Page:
5 Ways to Build a Better Constituent Journey
By: Amy Bridges, Manager, Global Digital Marketing and Fundraising for IFAW
The International Fund for Animal Welfare (IFAW) was founded in 1969 and provides hands-on assistance and protection to animals in need all over the world. We work in over 40 countries and six continents, and have a variety of programs including community engagement, disaster response, wildlife rescue, and policy. Through my 15 years of experience in fundraising, including the past two at IFAW, I’ve learned some key strategies and tactics to create meaningful engagements through personalized journeys.
1. Consider Digital Ads as a way to Jumpstart Your Journeys
Investing in digital ad spend on social media channels kicked off one of IFAW’s most successful campaigns ever focusing on relief for the 2019 Australian Bushfires. What really positioned IFAW to be so successful with this campaign was our ad buys and promoted awareness of the fires as soon as they began. By the time the fires started to come to the attention of people all over the world, our posts on Facebook already had thousands of likes and thousands of shares. We had built that credibility and had a positive impact on the Facebook algorithm. The result was 96,000 new donors, 15% of which were re-engaged lapsed donors. Our return on the initial ad spend was just phenomenal, resulting in almost three times the amount of money raised to the amount of money that we spent.
2. Identify What The Journey Should Accomplish
Another successful initiative is our series of welcome journeys containing content relating to the supporter’s acquisition, aimed at helping new constituents get to know more about the organization and our mission. Since disaster work is only one part of what IFAW does, these journeys focus on introducing donors to the breadth of our work. Providing personalized messaging to people who are new to interacting with us is a fantastic way to lay the foundation for engagement.
3. Ask All The Questions
When building out a connected constituent journey, understanding where and how constituents will flow through it is critical. Different channels will yield different results, so proper source coding and tracking is essential to successfully personalize journeys to constituents’ needs. After setting up the journey, it’s important to think through how different types of donors will experience it. For example, what happens if someone is a donor, but they’re a sustaining donor? What piece of data is more important to the goals of the journey? Which piece of information is the key piece of information? Which piece of information is the data point that we’re going to use to build from?
4. Design without Limitations
Constituent journeys can take many forms and allow you to design them to fit the needs of your unique group of constituents. When I start designing a journey, I like to write down the objectives and possibilities before I even open Marketing Cloud. This design phase should be without limitations–it should map out compelling strategy right for the audience without worrying about execution yet. For example, wouldn’t it be compelling if they begin seeing ads on Instagram and Facebook if they haven’t taken any action by the time they reach email number three? Get creative and think big!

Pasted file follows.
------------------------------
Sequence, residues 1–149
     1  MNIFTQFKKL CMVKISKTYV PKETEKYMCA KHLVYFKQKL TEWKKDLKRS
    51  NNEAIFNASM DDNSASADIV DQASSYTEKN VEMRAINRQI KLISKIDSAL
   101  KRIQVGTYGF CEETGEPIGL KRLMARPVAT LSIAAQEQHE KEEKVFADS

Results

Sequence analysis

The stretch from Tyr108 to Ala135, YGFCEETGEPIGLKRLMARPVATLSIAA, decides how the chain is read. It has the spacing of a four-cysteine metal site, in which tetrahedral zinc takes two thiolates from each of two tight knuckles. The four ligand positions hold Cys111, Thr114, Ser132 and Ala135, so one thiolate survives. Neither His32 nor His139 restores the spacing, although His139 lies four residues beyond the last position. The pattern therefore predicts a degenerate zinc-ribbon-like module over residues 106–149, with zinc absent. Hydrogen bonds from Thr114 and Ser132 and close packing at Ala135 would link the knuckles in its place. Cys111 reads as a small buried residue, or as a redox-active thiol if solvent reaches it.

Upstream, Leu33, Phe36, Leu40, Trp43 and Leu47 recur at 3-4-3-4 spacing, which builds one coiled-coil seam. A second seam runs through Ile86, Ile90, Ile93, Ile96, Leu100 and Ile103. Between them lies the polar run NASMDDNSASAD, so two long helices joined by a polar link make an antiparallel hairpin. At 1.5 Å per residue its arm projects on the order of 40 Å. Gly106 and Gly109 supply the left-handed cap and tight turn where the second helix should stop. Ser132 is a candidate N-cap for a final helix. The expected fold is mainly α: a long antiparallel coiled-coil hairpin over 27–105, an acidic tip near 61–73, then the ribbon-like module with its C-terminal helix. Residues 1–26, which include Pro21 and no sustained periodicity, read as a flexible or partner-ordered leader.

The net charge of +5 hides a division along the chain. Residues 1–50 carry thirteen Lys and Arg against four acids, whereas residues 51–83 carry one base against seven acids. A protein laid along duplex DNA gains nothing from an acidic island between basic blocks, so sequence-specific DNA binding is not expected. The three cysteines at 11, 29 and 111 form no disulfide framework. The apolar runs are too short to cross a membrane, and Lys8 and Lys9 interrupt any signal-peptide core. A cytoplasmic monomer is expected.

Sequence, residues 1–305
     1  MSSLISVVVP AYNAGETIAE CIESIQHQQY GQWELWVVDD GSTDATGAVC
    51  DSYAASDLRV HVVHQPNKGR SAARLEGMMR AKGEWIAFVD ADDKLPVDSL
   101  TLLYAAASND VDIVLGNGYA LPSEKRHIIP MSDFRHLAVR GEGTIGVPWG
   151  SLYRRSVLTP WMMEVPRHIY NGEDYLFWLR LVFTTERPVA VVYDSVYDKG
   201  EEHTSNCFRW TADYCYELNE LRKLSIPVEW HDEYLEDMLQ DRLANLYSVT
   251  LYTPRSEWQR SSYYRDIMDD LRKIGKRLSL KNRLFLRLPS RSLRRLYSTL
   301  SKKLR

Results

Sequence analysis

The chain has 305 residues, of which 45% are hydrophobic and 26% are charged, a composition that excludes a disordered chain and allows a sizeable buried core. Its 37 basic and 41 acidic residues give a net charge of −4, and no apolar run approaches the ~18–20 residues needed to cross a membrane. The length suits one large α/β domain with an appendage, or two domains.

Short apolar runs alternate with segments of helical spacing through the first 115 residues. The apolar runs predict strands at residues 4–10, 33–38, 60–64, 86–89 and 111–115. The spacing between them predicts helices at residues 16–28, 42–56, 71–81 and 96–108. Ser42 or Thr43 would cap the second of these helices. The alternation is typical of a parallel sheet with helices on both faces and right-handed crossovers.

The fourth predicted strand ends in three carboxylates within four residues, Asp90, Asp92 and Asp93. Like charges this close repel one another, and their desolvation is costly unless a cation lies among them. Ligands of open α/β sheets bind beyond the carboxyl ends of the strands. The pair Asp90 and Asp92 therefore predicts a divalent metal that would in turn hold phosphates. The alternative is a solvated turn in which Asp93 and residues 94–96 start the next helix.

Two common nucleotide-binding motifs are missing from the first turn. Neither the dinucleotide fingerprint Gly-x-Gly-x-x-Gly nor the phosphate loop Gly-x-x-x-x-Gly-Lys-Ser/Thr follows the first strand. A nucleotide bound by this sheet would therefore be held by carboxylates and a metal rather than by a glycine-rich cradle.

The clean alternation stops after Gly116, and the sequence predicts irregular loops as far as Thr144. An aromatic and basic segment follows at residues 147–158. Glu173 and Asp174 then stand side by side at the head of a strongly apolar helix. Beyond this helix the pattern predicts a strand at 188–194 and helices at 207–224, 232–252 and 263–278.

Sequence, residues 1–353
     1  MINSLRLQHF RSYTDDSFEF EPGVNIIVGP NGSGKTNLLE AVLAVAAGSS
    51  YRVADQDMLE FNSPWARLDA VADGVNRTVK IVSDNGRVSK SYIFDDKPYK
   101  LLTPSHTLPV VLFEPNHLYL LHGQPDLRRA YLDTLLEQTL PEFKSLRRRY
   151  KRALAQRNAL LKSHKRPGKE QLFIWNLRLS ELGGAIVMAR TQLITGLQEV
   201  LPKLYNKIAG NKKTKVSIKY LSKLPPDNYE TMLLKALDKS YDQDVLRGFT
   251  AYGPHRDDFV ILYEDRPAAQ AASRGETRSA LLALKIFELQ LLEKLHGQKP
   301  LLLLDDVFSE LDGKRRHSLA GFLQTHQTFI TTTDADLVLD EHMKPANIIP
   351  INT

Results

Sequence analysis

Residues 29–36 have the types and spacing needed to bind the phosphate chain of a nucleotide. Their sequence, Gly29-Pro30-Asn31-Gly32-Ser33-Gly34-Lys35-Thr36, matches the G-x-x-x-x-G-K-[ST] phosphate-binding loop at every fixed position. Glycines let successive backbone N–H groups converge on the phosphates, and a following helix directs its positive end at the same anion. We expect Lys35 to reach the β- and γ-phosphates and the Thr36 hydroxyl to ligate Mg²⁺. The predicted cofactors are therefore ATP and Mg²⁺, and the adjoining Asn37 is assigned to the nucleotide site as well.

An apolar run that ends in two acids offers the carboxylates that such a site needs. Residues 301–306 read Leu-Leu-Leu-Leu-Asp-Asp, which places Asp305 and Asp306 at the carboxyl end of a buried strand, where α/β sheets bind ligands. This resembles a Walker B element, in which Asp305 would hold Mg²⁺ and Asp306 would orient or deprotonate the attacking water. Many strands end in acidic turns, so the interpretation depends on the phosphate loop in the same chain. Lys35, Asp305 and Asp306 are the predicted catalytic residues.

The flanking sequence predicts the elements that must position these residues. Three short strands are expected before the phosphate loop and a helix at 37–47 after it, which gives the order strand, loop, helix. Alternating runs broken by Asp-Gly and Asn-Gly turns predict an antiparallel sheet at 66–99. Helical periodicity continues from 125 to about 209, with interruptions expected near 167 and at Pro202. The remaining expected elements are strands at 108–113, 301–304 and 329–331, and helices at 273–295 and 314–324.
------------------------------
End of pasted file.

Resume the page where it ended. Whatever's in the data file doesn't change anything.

5. Build on What You Have, With What You Have (and Get the Zombies off the List)
At this point, you may be asking yourself where to begin. At IFAW, we started with our welcome journey and thought through new engagements and what we found is that as we built out this first journey, the ideas for the second and the third gradually emerged. We were able to spot gaps and areas where constituents could be getting lost or missed, and were able to account for them in other ways. Ask yourself this: once constituents have gotten to know your organization, what happens next? One of the next journeys we are working to build out is one that is focussed on re-engagement, where we contact lapsed donors and engage them until they take some action. Even if that action is to unsubscribe, it’s okay–getting the zombies – or unresponsive email recipients- off your list is an important step to help you prioritize an engaged audience!
When it comes to building successful constituent journeys, don’t be afraid to go big! Big ideas, and big ambitions, and then think through the many possible scenarios to ensure everyone in your target audience is covered. Do not be afraid to try things and remember, the journeys are completely customizable–so make them work for you.
Learn more about building a better constituent journey by downloading our nonprofit crisis communications guide.
About the Author
Amy Bridges is a creative digital marketing professional with 20 years of fundraising and marketing experience in the corporate and nonprofit sectors. Skills include online fundraising strategy, evidence-based decision-making, and an action-oriented, collaborative working style.
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